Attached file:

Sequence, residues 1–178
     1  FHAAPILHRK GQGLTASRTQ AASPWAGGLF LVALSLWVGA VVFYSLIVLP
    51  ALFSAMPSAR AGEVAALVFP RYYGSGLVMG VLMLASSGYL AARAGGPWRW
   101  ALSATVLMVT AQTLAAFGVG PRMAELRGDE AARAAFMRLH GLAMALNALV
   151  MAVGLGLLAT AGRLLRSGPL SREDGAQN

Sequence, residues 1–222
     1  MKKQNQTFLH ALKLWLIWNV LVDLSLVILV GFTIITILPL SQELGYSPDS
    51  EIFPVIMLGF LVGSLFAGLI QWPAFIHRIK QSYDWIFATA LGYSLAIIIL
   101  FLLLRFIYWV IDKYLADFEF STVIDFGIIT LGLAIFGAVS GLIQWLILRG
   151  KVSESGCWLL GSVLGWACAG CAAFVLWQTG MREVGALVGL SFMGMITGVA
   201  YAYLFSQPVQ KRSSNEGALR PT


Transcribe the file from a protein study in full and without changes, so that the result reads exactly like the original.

Sequence, residues 1–178
     1  FHAAPILHRK GQGLTASRTQ AASPWAGGLF LVALSLWVGA VVFYSLIVLP
    51  ALFSAMPSAR AGEVAALVFP RYYGSGLVMG VLMLASSGYL AARAGGPWRW
   101  ALSATVLMVT AQTLAAFGVG PRMAELRGDE AARAAFMRLH GLAMALNALV
   151  MAVGLGLLAT AGRLLRSGPL SREDGAQN

Sequence, residues 1–222
     1  MKKQNQTFLH ALKLWLIWNV LVDLSLVILV GFTIITILPL SQELGYSPDS
    51  EIFPVIMLGF LVGSLFAGLI QWPAFIHRIK QSYDWIFATA LGYSLAIIIL
   101  FLLLRFIYWV IDKYLADFEF STVIDFGIIT LGLAIFGAVS GLIQWLILRG
   151  KVSESGCWLL GSVLGWACAG CAAFVLWQTG MREVGALVGL SFMGMITGVA
   201  YAYLFSQPVQ KRSSNEGALR PT